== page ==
Is it a book I would recommend to everyone? Possibly not, but is more related to the person than the book. Once again, I know there are some parts that are hard to accept as happening, but the same feeling came to me while reading The Kite Runner and I do not regret reading that book at all, just as I wouldn't regret meeting Murakami through 1Q84.




Sunday, June 3, 2012

TSS: I'm back...kinda


 



Hello everyone, just a quick post today. As I mentioned before, I'm moving soon, and things are a little bit hectic, which is why last week I didn't have a Sunday Salon post. I've manage to keep reading (right before bed, any other spare time is going on renovations), so you can find the reviews for The Bluest Eye by Toni Morrison; The Super Spud Trilogy, by Michael Diack and i should be posting the final review for 1Q84 between Monday and Tuesday (hopefully).
So that's it for now, back to packing for me.

Have a great weeek!

Saturday, June 2, 2012

The Super Spud Trilogy by Michael Diack



Book Summary (From Goodreads.com)


Genetic engineering has accomplished many things, one of which has been to create the Super Spud! The humble potato elevated to new heights, creating the most flavorsome crisps ever known to humankind! But that's not all - A magical transformation occurs to all Super Spud crisps not eaten before their use-by date. They take on a life of their own. And so long as they remain undetected by humans, they enjoy life in their own Super Spud cities, take part in major Super Spud sporting events and even start the odd Super Spud war or two. Join Colin, Cougar, Hannibal Vector, Generals Rock, Jock and Strap and all the others in their rollicking adventures. You'll never look at a packet of crisps in the same way again! Fun, quirky and totally original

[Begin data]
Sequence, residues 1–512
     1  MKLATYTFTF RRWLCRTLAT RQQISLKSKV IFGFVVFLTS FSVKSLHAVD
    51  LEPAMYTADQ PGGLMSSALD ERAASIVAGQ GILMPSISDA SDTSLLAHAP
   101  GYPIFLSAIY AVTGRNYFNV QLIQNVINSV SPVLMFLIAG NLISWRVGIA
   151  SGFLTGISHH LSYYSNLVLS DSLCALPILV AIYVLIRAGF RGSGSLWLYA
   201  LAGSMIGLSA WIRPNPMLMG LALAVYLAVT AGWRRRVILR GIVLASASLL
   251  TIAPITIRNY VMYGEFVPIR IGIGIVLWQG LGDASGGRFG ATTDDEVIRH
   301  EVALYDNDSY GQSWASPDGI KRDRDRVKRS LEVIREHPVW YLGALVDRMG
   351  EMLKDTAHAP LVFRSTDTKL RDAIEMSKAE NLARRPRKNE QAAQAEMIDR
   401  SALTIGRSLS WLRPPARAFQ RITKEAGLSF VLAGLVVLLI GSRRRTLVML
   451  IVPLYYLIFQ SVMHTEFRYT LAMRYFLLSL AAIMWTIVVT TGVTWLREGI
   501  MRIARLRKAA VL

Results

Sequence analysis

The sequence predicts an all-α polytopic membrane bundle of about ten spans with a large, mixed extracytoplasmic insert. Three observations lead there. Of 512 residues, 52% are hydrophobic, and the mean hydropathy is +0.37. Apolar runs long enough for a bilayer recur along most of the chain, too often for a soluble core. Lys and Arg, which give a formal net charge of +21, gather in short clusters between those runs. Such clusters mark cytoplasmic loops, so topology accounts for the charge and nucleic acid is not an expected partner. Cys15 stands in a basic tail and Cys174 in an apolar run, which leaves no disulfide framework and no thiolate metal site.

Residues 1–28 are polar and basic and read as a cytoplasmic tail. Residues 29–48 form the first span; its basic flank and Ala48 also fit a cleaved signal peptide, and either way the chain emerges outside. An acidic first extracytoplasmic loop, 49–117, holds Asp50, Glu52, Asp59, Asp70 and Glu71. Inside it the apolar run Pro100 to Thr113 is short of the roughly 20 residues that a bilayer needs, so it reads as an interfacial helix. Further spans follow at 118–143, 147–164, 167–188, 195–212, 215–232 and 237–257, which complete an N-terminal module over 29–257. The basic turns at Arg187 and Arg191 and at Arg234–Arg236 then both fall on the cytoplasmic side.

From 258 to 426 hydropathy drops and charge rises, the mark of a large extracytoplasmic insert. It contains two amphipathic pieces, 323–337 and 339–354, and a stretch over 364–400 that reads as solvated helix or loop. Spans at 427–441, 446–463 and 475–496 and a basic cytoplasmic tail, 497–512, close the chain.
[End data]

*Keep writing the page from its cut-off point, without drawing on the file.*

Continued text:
My review

I was really exited to read this book, you see, is the first time the author contacts me to review it. And then, when I read the synopsis, I was even more exited about the book.

This was indeed an original read. The book is full of pop references, to music, to films, to characters everyone loves, recreated with chips.  The book is well written in easy to follow, short stories that introduce you to the different characters. Every different flavor has different personalities, you have the "spinach and steak" flavor, they are strong, determined, and part of the military. They will always be ready to take the bullet...or toothpick. The tuna flavors, very smart; the menthol flavors, with...let's say special personalities.

Either way, the spuds will get into this ridiculously funny adventures, running the Grand Prix, saving Christmas and just making friends. My favorite moment was the war between two cities of spuds. You see, war finishes as soon as they reach a limit of casualties, they play a Michael Jackson song, so everyone knows is over, and then the winner is determined according to medals being given away! The whole image was so funny. If it wasn't because of the number of dead characters, I thing it would make a great kid's book

Things you should know about the Spuds, is that you will never see them, for they will die the minute a human being see them. Is a shame, since the  images of them jumping and running make me smile immediately. 

Oh, and every Super Spud has...wait for it...a evil twin! And they will come for their good twin, when you last expect it.

A couple of things made me not give this book 3 mushrooms instead of 4. There wasn't a main character I could follow, every time I thought this Spud was the main character, he would die. I find it good to have at least a main character that carries you through the story. On the other hand, there is a lot of characters, and at a certain point is hard to remember who is who. 

In all it was an enjoyable book that I would recommend as light reading.